Radio at the Heads

by Ann van Engelen

Radio personality Mark Perry never realised that his career would turn into a hobby entertaining people across the world from the little township of Mangawhai.

Mark Perry has been in the radio industry for 50 years and based in Te Ārai — he is one of the last independent radio station owners in the country

Mark and his wife Maureen’s solar-powered backup commercial radio stations HeadsFM 106.4 and The WirelessFM 90.4 broadcasts from Te Ārai.

“Being in the coastal zone and as part of the Civil Defence response, we felt it was important to install solar in case of an emergency,” says Mark.

“I started my career at 19 years old and have been in radio for 50 years now. I took over Radio Hauraki from Kevin Black, and I retired from there in 2007.

“Maureen and I built our weekend retreat in Te Ārai in the late 90s and were coming up regularly. When our children left home, I decided to leave the radio thing but found it was like the song, Hotel California — I couldn’t leave.”

Mark started a little station as a hobby just before he retired, and it ran from his rooftop on one watt at the weekends off his iTunes.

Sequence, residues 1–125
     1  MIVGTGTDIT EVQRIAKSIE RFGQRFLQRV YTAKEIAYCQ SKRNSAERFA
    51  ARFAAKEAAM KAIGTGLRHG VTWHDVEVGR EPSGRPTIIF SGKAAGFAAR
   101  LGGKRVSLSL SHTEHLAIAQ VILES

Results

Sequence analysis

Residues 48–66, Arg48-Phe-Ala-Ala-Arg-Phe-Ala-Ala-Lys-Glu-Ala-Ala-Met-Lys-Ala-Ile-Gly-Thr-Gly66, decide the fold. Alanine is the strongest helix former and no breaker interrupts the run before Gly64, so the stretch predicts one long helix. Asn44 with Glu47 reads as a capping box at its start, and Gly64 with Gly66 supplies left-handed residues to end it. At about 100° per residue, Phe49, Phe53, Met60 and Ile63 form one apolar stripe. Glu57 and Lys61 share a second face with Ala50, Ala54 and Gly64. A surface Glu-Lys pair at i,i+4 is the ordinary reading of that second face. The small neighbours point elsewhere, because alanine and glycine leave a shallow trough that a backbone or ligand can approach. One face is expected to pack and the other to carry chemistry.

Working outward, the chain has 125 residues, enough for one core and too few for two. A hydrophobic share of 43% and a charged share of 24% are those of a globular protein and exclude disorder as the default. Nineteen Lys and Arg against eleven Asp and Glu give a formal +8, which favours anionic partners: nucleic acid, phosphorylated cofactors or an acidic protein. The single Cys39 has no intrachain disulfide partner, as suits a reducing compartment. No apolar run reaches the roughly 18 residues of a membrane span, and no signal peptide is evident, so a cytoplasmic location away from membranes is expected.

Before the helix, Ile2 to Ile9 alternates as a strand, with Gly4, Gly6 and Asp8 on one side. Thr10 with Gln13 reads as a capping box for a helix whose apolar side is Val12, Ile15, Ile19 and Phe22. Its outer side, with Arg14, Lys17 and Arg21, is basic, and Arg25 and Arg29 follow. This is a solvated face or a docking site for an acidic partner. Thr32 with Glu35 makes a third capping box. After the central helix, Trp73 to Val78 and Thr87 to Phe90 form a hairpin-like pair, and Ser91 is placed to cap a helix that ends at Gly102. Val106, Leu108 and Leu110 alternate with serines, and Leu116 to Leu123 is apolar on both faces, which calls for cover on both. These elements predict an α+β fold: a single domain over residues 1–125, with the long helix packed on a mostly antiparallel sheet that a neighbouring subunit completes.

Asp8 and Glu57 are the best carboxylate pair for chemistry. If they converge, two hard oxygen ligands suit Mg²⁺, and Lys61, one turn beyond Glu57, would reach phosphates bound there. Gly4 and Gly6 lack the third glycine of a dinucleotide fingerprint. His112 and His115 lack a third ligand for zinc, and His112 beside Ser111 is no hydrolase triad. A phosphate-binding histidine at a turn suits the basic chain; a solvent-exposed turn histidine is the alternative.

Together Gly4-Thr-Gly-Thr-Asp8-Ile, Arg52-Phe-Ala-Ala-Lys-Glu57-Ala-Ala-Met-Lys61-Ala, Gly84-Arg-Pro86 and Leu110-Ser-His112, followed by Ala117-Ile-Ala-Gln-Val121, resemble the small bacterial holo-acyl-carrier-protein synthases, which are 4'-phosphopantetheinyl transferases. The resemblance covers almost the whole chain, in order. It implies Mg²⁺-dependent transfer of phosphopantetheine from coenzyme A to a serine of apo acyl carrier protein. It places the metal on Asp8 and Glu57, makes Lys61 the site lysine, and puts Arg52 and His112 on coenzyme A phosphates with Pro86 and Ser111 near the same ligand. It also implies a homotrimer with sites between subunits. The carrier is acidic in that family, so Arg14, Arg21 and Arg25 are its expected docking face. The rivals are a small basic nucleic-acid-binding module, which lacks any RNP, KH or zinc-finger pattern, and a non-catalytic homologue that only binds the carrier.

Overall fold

“I have always been interested in music and wanted to play the music I want to play like the Beatles, Rolling Stones, Led Zeppelin and new pieces. A fully-fledged licence came up, and I managed to secure it and set up Heads FM 106.4, a 25-watt radio station around 2009.

“Local people said they would advertise on it, and that helped me fund it. I find commercial radio is just that, very commercial, and I wanted to play music people know. Now we also have The Wireless 90.4 FM, and both stations have websites that people can listen in on from all around the world.”

The station that started as a hobby has become something the community loves.

“I give free promos for non-profit organisations such as the art gallery, and we have a few local advertisers. I love getting feedback from listeners. They always tell you if you are doing something wrong, but it is lovely when people tell me they love a track or the show.

“The local community call me the radio guy, but I don’t take it for granted as I know they have a choice of
stations to listen to. I am one of the last independent stations not working with a large company. My experience has been writing copy, producing commercials and doing on-air work — not many people have all those skills.

“Radio is not dead. People still want to hear the voice. I get the locals to do their own ads and although they are nervous, like possums in the headlights, it gives things a community feel.

“We keep it simple and appreciate the support we get.”

© The Weekend Lifestyler, July 9, 2021

This material remains © Integrity Community Media and is only to be used for non-commercial personal or research use. Any other use requires permission of the copyright holder.

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